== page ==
Independent tower companies are specialists in building and maintaining base stations whichact as hubs for local wireless networks and, as a result, they can manage power and site maintenance for operators in a much more efficient and reliable manner than was previously possible. From the point of view of African telecoms operators, owning towers is not part of their long-term core business and thus outsourcing telecoms towers provision to a specialist improves their operating cost structure and enables their technology to be ‘managed’ rather than merely ‘used’. As their market becomes increasingly competitive anything that reduces costs and capital expenditure is more and more welcome.
Tower sharing in Africa has come a long way in a short time since an affiliate of HTA was set up as the Continent’s first independent tower company in 2005. After executing the first sale/leaseback transaction for Millicom’s telecom towers in Ghana in 2010, which was followed by the acquisition of Millicom’s towers in Tanzania and the DRC in 2011, HTA has established the largest number of telecoms towers in Africa – more than 3,500 and still accelerating fast – hosting every major African telecoms operator. One of its attractions for its commercial customers is that it is strictly non-competitive for telecoms operators.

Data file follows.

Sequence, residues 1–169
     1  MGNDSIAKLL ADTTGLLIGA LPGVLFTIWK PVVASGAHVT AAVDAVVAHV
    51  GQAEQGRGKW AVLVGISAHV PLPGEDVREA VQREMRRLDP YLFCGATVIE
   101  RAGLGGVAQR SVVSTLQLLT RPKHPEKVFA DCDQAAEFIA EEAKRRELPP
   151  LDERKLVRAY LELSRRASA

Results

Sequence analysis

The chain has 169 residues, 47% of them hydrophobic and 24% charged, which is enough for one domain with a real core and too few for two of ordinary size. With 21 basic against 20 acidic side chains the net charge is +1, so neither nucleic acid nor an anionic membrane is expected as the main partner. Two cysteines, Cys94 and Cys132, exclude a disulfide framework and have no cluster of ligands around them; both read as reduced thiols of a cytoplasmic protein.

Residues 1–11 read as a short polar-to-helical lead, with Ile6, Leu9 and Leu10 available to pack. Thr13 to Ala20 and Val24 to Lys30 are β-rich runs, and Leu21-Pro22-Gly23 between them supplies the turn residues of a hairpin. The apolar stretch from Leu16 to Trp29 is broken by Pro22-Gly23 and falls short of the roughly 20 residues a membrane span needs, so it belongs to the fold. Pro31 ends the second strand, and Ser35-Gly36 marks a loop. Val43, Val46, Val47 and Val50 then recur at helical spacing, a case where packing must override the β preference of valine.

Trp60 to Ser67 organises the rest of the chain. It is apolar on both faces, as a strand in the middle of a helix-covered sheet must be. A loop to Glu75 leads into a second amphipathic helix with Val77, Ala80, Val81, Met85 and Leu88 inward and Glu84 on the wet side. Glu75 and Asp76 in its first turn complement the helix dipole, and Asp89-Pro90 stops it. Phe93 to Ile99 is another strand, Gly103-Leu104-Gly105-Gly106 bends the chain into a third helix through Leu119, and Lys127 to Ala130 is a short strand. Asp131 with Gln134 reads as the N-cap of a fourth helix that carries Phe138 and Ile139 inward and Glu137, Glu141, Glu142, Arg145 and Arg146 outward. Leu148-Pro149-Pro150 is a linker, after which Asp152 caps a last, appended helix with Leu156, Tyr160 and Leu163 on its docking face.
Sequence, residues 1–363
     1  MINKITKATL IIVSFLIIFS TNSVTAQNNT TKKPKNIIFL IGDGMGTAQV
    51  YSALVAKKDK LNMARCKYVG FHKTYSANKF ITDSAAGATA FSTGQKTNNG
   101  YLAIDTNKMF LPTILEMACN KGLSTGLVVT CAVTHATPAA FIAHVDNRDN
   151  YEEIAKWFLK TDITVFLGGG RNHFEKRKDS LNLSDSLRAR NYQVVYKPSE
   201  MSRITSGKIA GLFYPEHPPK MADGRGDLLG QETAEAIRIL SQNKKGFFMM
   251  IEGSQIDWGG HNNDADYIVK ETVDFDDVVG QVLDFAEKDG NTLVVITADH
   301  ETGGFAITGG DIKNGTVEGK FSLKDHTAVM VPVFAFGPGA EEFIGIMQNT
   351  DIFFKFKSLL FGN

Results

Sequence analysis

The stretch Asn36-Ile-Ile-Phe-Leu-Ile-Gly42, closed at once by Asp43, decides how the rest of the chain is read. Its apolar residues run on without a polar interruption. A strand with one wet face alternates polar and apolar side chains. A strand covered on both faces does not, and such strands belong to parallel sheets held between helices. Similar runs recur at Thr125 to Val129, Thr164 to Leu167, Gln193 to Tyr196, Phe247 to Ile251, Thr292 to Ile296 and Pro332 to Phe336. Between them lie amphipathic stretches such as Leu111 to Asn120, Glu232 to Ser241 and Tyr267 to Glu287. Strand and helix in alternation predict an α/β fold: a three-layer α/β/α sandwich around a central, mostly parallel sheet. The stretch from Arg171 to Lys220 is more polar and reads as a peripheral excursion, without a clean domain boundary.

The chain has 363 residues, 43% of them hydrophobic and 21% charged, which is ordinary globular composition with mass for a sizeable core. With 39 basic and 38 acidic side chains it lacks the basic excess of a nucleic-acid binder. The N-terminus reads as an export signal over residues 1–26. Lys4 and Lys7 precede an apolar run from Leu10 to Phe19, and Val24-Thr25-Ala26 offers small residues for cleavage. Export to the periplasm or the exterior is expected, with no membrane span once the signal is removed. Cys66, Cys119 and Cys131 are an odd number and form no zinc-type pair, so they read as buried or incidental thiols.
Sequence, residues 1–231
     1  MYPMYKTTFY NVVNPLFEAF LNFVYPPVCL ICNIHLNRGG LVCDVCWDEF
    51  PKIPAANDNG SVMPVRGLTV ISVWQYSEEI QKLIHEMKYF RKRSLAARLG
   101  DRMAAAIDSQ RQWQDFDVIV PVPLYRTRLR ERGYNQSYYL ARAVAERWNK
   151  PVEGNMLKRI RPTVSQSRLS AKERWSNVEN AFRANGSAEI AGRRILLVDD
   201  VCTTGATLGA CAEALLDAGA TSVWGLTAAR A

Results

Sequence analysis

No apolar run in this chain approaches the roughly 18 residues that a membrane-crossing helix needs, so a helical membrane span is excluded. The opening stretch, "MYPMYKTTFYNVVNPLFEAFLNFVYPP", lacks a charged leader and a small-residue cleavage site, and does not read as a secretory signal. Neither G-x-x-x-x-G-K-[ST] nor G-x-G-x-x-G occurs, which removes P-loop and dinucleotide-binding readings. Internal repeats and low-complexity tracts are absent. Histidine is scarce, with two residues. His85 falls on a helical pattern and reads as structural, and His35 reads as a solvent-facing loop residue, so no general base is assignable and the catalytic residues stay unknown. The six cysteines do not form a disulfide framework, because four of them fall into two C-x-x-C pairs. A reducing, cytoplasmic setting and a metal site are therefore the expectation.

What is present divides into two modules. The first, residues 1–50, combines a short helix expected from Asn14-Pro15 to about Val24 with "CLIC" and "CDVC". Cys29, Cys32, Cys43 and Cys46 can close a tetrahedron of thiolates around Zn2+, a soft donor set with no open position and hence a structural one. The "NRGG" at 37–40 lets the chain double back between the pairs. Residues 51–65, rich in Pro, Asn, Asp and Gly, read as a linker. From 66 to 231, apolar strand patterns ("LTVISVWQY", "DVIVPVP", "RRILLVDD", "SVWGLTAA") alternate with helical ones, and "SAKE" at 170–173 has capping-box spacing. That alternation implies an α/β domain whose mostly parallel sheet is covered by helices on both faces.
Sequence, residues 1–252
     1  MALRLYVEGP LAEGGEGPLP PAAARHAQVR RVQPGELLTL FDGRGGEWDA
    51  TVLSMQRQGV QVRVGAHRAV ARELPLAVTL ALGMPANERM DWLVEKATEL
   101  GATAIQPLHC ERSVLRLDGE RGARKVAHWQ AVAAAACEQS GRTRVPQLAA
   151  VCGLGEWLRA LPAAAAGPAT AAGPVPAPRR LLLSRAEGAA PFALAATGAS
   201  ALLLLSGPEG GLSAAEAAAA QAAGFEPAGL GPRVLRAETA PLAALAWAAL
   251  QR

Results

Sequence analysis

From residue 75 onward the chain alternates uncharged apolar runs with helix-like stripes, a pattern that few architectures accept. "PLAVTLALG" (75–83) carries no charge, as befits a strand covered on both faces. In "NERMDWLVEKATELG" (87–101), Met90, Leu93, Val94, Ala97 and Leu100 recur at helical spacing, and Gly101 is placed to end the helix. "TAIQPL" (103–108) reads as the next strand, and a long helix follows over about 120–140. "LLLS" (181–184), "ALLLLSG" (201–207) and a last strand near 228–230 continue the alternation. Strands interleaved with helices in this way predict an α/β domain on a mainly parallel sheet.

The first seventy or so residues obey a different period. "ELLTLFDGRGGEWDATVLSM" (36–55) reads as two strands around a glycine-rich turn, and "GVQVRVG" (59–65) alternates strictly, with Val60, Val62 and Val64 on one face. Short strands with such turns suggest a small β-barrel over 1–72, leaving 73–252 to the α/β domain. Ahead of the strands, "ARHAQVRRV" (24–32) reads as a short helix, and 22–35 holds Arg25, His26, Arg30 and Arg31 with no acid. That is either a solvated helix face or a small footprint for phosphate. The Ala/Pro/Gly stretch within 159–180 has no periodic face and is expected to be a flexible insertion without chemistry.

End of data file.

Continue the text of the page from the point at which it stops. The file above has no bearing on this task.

As a base station specialist, HTA achieves uptime levels of 99.9 per cent. It has devised a scalable business model to support likely future as well as current demands of the operators. It has long term contracts with low churn levels and a predictable, recurring cash flow from strong anchor tenants.
In summary, the mobile industry in Africa is booming and is helping to underpin rapid economic growth. In order to take maximum advantage of its potential, African nations need to allocate still more spectrum for the provision of mobile broadband services and embrace telecom tower sharing. Although telecoms has come a long way fast in Africa, for 3G, HSPA, LTE and telecom tower sharing, the best years probably still lie ahead.